Mobile Food Vendors
After the success of the downtown mobile food vender initiative last year, Robert is leading an effort to expand mobile food vendors to other parts of the city. This initial phase is intended to be a pilot project for future expansion to the rest of the city. Restaurants and patrons alike are delighted by the success of the downtown food carts, which is sure to translate to other parts of the city.
This summer, Ward 6 constituents will be able to catch a quick lunch or dinner from vendors set-up along Chicago Avenue by the global market. Come out for a quick snack and stop in for a gift or some groceries while you’re there.
The 6th Ward is at the center of a lot of major, long-term transportation and energy projects going on in the City of Minneapolis. These public and public-purpose proposals will bring significant investment in the Ward and throughout Minneapolis. 6th Ward residents, business owners, workers and other stakeholders will need to be involved in these efforts to ensure that the public investment reflects the communities’ interests.
My community activism in the area of transportation, especially through a social and economic justice lens, was one of the paths I followed into elected office. Promoting sustainable and affordable communities through energy innovation are important to me and the people I represent. With the importance of transit and transportation to my core city constituents it is no surprise that transportation has been an emphasis in my work on City Council. I represent you and the City of Minneapolis on a lot of different transportation related bodies where I make the connection between federal funding and local projects.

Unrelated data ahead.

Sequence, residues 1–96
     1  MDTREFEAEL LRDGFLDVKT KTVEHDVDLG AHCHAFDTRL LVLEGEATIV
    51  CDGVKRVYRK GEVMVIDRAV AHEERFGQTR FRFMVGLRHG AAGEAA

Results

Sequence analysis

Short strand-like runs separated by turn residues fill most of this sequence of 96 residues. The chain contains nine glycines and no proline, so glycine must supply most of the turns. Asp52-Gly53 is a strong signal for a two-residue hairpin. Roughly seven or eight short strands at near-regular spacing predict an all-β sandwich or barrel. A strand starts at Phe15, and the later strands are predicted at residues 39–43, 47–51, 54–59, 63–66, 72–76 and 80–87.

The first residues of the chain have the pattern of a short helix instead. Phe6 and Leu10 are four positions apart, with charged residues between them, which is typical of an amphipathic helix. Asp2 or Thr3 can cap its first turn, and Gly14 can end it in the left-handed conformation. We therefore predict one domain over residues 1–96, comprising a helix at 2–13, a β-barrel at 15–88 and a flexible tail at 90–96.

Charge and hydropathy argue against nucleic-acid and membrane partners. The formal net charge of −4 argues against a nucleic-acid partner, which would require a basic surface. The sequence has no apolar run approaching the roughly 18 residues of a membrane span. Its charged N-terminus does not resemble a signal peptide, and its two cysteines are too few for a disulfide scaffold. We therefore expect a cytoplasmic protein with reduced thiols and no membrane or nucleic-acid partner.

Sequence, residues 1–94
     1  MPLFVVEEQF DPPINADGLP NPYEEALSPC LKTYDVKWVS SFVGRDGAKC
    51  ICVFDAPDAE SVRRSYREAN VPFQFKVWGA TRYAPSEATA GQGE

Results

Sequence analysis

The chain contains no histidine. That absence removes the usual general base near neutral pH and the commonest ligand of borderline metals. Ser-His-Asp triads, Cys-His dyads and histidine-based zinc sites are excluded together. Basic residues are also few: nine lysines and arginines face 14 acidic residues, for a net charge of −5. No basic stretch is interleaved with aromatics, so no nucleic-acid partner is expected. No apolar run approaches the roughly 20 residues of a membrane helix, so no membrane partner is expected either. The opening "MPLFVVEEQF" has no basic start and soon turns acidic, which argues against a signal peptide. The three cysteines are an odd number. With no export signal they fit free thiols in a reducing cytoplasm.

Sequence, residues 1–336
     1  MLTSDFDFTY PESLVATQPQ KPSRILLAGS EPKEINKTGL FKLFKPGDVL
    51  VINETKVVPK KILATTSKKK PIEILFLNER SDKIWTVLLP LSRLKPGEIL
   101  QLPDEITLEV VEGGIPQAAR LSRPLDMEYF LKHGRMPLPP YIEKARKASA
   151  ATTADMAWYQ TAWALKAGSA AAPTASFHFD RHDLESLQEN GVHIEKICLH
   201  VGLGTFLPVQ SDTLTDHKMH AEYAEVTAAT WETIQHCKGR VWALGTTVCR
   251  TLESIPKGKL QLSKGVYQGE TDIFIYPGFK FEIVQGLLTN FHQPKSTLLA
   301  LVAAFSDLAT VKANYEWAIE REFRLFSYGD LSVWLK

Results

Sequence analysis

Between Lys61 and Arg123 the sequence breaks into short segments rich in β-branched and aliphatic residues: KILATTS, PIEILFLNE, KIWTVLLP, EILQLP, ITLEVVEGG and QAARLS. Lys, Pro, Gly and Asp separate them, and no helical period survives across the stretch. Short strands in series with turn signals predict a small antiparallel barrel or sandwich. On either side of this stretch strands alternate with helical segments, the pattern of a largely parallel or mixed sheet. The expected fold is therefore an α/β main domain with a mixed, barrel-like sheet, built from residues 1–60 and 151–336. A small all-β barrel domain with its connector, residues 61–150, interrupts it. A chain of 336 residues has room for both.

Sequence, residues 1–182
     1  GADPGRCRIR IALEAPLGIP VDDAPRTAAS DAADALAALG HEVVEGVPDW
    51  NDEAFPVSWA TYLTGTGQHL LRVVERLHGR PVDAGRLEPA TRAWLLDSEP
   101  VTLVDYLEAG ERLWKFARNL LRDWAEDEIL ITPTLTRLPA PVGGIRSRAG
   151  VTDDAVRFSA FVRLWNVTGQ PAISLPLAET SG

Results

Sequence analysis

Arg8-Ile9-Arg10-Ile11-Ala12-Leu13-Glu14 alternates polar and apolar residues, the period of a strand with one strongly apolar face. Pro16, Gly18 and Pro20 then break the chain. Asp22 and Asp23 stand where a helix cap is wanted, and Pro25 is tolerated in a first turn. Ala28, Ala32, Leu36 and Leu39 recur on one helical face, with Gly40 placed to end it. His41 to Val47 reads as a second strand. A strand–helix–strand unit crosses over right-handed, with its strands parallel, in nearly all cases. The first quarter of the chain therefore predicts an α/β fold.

Here is a brief rundown of some of the large-scale projects currently underway in the 6th Ward:
1. The Reopening of Nicollet Avenue at Lake Street
The decision by the Minneapolis City Council in the 1970’s to close Nicollet Avenue was never a popular one. It was a crisis response to a budget draining situation. The City of Minneapolis’ closing of Nicollet was responsible for dividing our communities and taking redevelopment momentum from this important intersection. I believe that the City of Minneapolis needs to be responsible for correcting this mistake.
As part of the 2012 City of Minneapolis Budget, I authored a direction to City departments to move the reopening of Nicollet forward. Later in April City staff will offer a report on progress defining a project area, establishing a timeline, begin to identify potential funding and designing a community engagement process.
My commitment is to keep pushing this forward and to make sure that all communities have voices in this process. Please stay close to your neighborhood organization or local business association, as well as my office, for updates and information.
2. 35W/Lake Street Transit/Access Project
The intersection of 35W and Lake Street is once again the site of intense design efforts. For decades almost all levels of government have been interested in further investment in the 35W and Lake Street area, though there has been disagreement about the scope and nature of the work. This time around the City of Minneapolis, Hennepin County, Metropolitan Council/MetroTransit and MN Dept of Transportation (MnDOT) have joined efforts in a planning process that puts transit first.
The I-35W corridor is one of the highest transit corridors in the state. The Met Council – operator of MetroTransit buses and trains – along with the counties, city and state governments, invested heavily in a system to better serve the South Metro and increase ridership. This system is generically called bus rapid transit or BRT. Many parts of the BRT system are in place like; center lanes and the center line station at 46th St, the incredible downtown transitways of 2nd and Marquette Avenue and suburban park and rides.